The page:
Friday, 12 March 2010

Restorers rant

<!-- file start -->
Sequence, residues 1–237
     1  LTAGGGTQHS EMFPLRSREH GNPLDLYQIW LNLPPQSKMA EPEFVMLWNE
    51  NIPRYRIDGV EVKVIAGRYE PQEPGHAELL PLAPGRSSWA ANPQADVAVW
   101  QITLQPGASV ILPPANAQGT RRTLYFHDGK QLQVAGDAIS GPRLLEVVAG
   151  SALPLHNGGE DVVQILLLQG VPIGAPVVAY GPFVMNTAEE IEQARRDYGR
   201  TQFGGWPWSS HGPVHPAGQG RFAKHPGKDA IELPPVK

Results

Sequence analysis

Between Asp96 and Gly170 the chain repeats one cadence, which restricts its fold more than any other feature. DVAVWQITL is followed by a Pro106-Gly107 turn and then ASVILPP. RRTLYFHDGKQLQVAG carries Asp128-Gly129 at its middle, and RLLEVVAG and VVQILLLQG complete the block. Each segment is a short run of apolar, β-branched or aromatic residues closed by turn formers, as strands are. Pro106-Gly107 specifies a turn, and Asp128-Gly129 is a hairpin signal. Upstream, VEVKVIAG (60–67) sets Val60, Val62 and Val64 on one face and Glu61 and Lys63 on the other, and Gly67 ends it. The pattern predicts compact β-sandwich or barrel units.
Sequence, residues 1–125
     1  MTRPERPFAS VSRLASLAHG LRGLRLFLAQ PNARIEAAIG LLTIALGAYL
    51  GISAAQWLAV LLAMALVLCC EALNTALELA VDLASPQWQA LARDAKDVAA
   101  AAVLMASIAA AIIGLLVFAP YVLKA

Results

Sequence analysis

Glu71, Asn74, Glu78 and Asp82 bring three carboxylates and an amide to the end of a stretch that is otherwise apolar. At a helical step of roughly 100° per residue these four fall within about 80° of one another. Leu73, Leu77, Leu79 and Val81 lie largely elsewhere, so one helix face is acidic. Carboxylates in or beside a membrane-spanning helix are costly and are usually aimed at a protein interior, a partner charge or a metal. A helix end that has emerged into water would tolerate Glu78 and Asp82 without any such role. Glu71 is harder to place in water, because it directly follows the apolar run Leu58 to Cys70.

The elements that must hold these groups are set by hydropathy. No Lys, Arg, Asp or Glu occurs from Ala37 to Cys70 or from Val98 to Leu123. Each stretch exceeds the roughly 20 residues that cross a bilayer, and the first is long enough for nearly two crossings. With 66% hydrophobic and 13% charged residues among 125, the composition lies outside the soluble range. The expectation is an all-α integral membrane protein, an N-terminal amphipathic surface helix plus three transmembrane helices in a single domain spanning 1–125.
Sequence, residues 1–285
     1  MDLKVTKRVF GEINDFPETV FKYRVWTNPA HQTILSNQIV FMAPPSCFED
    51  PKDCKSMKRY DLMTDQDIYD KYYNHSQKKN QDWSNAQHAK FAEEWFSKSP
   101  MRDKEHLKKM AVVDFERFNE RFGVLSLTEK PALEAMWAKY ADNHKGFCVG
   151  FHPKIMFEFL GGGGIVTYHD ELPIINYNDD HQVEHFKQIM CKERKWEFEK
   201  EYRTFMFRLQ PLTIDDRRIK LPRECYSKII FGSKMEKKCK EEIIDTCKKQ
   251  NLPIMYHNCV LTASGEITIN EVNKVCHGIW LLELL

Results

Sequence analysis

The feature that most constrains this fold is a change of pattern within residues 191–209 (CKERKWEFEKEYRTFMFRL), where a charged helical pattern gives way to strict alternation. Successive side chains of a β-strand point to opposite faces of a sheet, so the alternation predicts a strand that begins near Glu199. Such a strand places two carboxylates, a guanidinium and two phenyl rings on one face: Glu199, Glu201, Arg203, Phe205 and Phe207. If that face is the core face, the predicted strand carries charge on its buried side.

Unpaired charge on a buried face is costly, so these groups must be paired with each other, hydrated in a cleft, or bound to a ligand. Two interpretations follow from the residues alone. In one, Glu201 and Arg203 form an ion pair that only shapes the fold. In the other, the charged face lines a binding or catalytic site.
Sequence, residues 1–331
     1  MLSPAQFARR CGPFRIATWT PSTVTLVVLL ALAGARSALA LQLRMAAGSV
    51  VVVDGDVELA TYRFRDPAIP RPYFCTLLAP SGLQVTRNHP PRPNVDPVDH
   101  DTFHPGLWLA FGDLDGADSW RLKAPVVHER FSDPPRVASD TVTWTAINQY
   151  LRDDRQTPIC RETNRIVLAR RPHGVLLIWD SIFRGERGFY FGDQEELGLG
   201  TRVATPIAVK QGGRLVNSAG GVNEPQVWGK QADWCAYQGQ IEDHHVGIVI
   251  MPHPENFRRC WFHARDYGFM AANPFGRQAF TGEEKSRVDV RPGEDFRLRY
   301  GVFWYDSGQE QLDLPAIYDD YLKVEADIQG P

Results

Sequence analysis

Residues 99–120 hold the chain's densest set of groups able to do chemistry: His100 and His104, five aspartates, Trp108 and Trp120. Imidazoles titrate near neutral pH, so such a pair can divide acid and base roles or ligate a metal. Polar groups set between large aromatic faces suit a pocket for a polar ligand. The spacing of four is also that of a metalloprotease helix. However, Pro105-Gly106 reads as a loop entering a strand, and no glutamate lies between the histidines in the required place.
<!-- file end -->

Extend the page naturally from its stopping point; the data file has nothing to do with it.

Well as I have recently seen some shocking ( So called ) restorations featured on the net I thought I would offer my views as a bicycle restorer. Because of the recent fixie boom many old bicycles have been given a new lease of life, which is great as I'm all for recycling cycles, but to advertise a bicycle as restored it should at least look period correct. They certainly did not paint bikes back then in colours such as orange, fluro pink etc. Also because of Pashley in the UK releasing their Governor range of " Path racers " some people have been converting 26" or 28" roadsters into fake path racers by adding some white tyres, taking off all the other parts such as mudguards, chain cases, lamp brackets etc and flipping the north road bars upside down ? . Doing that certainly does not make the bike a path racer and to re chrome parts that were originally nickel plated only looks terrible to anyone with any knowledge of vintage bicycles. If for some reason you purchase an antique / vintage bicycle the least you should do is to try and find out the history of the bike and with the vintage bicycle hobby growing all the time and clubs like the Veteran Cycle Club & The Wheelmen there are plenty of people out there willing to give some advice. Many of these people have access to scans of original catalogs showing what your bicycle would have looked like when new. And if you can't afford to do a total restoration, don't cut corners just to get it on the road again as you will only regret it later. Part of the fun in collecting & restoring bicycles is tracking down the parts that would have been on it as new, sometimes this can take years if it's a very rare bicycle but most of the time you should be able to find the correct parts without too much trouble. Some people might disagree with the above comments but a nice vintage bicycle deserves to be restored to it's original condition not painted fluro green with a crank set made in Taiwan. Pictured above is front fork of an Australian made " Bullock " bicycle which happens to be a racing bike from the 1930s which has been restored correctly

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